Julius Nyerere, frst president of Tanzania.

Black People Verified

Former US President Barack Obama when he addressed Heads of State at the African Union Headquartes in Addis Ababa, Ethiopia.Many foreigners have symbolised the African’s black skin with mental backwardness. The White race loves painting Satan black. Black magic is evil and whiteness is associated with purity and advancement. It is not a credit but discredit in the White race’s world when you are called a black sheep. It means that you are some kind of curse.

Some time ago while discussing the seemingly world-wide miserable fate of the Black Race, a Canadian man called Henry Miller was quick to say, “Irrespective of what the history of the Black race has recorded, he is fast coming out of the prescribed wood. For example, in the past and of the recent times the most talked about and quoted people in the world are black people.”
“Oh yeah?” I wondered.

Kwame Nkrumah was the first post-colonial President of Ghana.Henry Miller confronted me with a long list of black people after which he asked me, “Tell me, in Europe, America and Asia who matches Martin Luther King, Barack Obama, Oprah Winfrey, Michael Jackson, Jesse Jackson, Mohamed Ali, Nelson Mandela, Kofi Annan, Kwame Nkrumah, Julius Nyerere, Desmond Tutu, Miriam Makeba, Wangari Maathai, Wole Soyinka, Ngugi wa Thiong’o, Robert Mugabe, Muammar Ghadafi, Pele, Usain Bolt.

Former US President Barack Obama when he addressed Heads of State at the African Union Headquartes in Addis Ababa, Ethiopia.Many foreigners have symbolised the African’s black skin with mental backwardness. The White race loves painting Satan black. Black magic is evil and whiteness is associated with purity and advancement. It is not a credit but discredit in the White race’s world when you are called a black sheep. It means that you are some kind of curse.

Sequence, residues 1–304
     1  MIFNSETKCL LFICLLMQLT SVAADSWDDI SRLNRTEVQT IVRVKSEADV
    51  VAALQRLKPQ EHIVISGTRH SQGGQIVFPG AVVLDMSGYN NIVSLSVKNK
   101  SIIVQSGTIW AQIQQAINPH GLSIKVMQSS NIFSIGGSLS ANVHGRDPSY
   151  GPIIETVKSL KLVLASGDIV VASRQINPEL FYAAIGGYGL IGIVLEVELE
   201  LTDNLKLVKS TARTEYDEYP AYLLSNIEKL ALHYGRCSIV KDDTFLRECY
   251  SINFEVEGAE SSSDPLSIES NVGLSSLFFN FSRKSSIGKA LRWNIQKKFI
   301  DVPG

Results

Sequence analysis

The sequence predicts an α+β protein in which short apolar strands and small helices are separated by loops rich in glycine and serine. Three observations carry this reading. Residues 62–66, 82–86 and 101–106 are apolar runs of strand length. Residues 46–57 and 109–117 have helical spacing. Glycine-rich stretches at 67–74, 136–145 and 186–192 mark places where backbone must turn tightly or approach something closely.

Some time ago while discussing the seemingly world-wide miserable fate of the Black Race, a Canadian man called Henry Miller was quick to say, “Irrespective of what the history of the Black race has recorded, he is fast coming out of the prescribed wood. For example, in the past and of the recent times the most talked about and quoted people in the world are black people.”
“Oh yeah?” I wondered.

Kwame Nkrumah was the first post-colonial President of Ghana.Henry Miller confronted me with a long list of black people after which he asked me, “Tell me, in Europe, America and Asia who matches Martin Luther King, Barack Obama, Oprah Winfrey, Michael Jackson, Jesse Jackson, Mohamed Ali, Nelson Mandela, Kofi Annan, Kwame Nkrumah, Julius Nyerere, Desmond Tutu, Miriam Makeba, Wangari Maathai, Wole Soyinka, Ngugi wa Thiong’o, Robert Mugabe, Muammar Ghadafi, Pele, Usain Bolt.

Why Africa Should Commemorate Slave Trade and Colonialism

 Why Africa Should Commemorate Slave Trade and Colonialism That Africans were sold as slaves to the Americas and the Arab world for
over 500 years is one of the gravest inhuman treatment in the world. No other race has been subjected to that kind of tragedy. To make matters worse, the collapse of the Slave Trade gave birth to Colonialism that enslaved everyone on the continent.

One of the gravest sins of omission is that up to this day, almost 60 years after African countries attained political independence, the continent has failed to mark these two tragedies to remind humanity to guard against inhuman treatment.

The Centre for African Aesthetics (CAA) plans to launch the Commemoration of Slave Trade and Colonialism in Nairobi, Kenya.

 Why Africa Should Commemorate Slave Trade and Colonialism That Africans were sold as slaves to the Americas and the Arab world for
over 500 years is one of the gravest inhuman treatment in the world. No other race has been subjected to that kind of tragedy. To make matters worse, the collapse of the Slave Trade gave birth to Colonialism that enslaved everyone on the continent.

One of the gravest sins of omission is that up to this day, almost 60 years after African countries attained political independence, the continent has failed to mark these two tragedies to remind humanity to guard against inhuman treatment.

The Centre for African Aesthetics (CAA) plans to launch the Commemoration of Slave Trade and Colonialism in Nairobi, Kenya.

Eighteen choppers flew politicians to the Nderitu Gachagua funeral in Nyeri

Government Extravagance Irritates Taxpayers

By Mbithe Waeni

Uhuru Kenyatta, President and Raila Odinga, Opposition Leader, at the Nderitu Gachagua funeral in Nyeri.Kenyans have just buried the remains of a former Governor in a ceremony that could be described as being ostentatious.